There’s a reason we don’t see more self-sufficiency: It’s not frugal. It almost always takes more time to make something than it takes to earn enough money to buy one—and that’s without even considering the time it takes to learn the skills (let alone the cost of tools and materials). On the other hand, frugality is a powerful enabler for self-sufficiency. So, how do you find the sweet spot?
My wife spins and weaves. I have a beautiful sweater that she hand knit from hand spun yarn. It’s wonderful—and it’s comforting to know that my household is not only self-sufficient in woolens, we produce a surplus that we can sell or trade. But the fact is you can buy a perfectly good sweater at Wal-Mart for less than the cost of the yarn to knit it.
If you try to be genuinely self-sufficient—in the sense of producing through your own labor everything your household uses, like a hunter-gatherer or a subsistence farmer—you’re going to be poor. Your neighbor who works at a job for wages or a salary is going to be better off by almost every measure.
Oh, his factory-made microwave meals won’t be as good as home-cooked food from your garden and his furniture from Ikea won’t be as good as what you make in your wood shop. But he’ll have so much more! In the time it takes you just to build a kiln he’ll earn enough money to buy a thirty piece set of Corelle ware. Unless he’s only making minimum wage, he’ll probably have enough left over to buy an iPod—and you’ll never be able to make your own iPod from sand and vegetable oil.
That’s why we have trade. If everybody specializes in one or a few things, and then trades with others for what they need, everybody can be better off. It raises your standard of living, but it means that you can’t be self-sufficient.
There are still many reasons to do for yourself. You can make exactly what you want, instead of having to make do with whatever happens to be available on the market. You can use superior materials, and take them from the environment in a sustainable manner. You don’t have to worry that the stuff you use was made in a sweatshop by children or prisoners or slaves. You aren’t dependent on the continued smooth functioning of the vast global economy. But you can’t be self-sufficient in very many things—even if you had the skills and the tools and the land, you’d quickly run out of time.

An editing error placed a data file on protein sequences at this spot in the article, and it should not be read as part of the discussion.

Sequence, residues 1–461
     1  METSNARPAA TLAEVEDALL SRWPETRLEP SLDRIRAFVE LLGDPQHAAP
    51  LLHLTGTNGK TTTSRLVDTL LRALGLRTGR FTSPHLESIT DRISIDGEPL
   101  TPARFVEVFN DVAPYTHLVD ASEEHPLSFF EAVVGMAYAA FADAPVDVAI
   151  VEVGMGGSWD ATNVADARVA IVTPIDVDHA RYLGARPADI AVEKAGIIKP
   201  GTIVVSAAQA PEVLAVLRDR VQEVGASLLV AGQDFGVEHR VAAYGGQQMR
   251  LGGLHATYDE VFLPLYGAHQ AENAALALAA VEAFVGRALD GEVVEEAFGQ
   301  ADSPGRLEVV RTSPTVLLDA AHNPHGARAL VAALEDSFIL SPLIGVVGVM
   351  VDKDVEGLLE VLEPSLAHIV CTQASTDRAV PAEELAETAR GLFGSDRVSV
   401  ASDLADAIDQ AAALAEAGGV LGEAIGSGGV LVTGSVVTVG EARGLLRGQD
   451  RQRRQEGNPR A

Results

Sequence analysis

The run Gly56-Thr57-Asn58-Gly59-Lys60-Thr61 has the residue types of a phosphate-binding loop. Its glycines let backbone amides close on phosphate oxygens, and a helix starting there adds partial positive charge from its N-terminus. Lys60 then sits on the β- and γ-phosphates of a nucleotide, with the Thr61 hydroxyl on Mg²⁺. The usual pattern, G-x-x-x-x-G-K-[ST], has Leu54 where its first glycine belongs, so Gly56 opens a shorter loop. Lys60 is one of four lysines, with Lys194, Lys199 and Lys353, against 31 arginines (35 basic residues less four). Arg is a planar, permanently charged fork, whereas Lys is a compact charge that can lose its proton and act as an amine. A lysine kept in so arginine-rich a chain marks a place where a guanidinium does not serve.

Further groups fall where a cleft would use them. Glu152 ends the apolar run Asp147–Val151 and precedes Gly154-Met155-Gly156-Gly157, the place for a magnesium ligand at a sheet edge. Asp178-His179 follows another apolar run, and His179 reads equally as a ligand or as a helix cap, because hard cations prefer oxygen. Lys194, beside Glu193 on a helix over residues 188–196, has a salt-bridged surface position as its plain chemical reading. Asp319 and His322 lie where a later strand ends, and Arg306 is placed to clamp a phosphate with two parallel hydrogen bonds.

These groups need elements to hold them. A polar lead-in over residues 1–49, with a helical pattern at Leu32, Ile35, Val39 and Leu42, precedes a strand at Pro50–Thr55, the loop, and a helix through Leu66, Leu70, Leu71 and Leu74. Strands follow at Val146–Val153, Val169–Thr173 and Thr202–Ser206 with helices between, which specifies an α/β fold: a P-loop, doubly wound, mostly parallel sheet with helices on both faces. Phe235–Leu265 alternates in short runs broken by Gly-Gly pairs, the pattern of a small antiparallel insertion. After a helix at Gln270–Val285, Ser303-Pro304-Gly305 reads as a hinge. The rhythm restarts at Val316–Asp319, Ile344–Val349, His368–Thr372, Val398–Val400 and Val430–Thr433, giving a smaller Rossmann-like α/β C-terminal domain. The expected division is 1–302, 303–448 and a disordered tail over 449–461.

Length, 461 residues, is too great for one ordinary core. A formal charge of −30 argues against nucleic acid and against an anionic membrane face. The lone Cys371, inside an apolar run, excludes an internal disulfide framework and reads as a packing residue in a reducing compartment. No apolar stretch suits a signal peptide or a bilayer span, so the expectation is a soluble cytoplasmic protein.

So, we find ourselves trying to figure out where we belong on the continuum between actual self-sufficiency and ordinary self-reliance. How do you find the sweet spot? Here are my thoughts:
- Focus on necessities. It’s a lot more important to be self-sufficient in food, clothing, and housing than it is to be self-sufficient in tennis rackets and rollerblades.
- Focus on capabilities. Instead of trying to fill your pantry by hunting and fishing, do enough to maintain and improve your skills—and then start developing your next capability.
- Focus on what’s practical. It’s really hard to be self-sufficient in window glass and impossible to be self-sufficient in digital watches. Don’t waste your time.
Start with the few things where homemade actually is cheaper, like gardening. Then move on to things that can be done as a hobby—and that you’d enjoy doing as a hobby. Don’t let point #1 above (necessities) keep you from developing self-sufficiency in something that’s fun and interesting just because it’s not important. It may not be important to be self-sufficient in beer, but the equipment is cheap, brewing is a pretty easy skill to acquire, and the result is better than what you can buy.
Finally, remember that there’s a vast range between being “self” sufficient and being dependent on a global supply chain. It’s almost as good as self-sufficiency to source things from your neighbors. Short of that, it’s still an improvement to source things closer rather than farther—your home town, your region, your state, your country.
Once you set your priorities, don’t hesitate to go with the cheapest option for things that don’t make the cut. That frees up money that you can use on the important underpinnings of self-sufficiency—things like land and tools in particular, but also things like books, training classes, materials to practice with, and so on.
Then you’re in your sweet spot.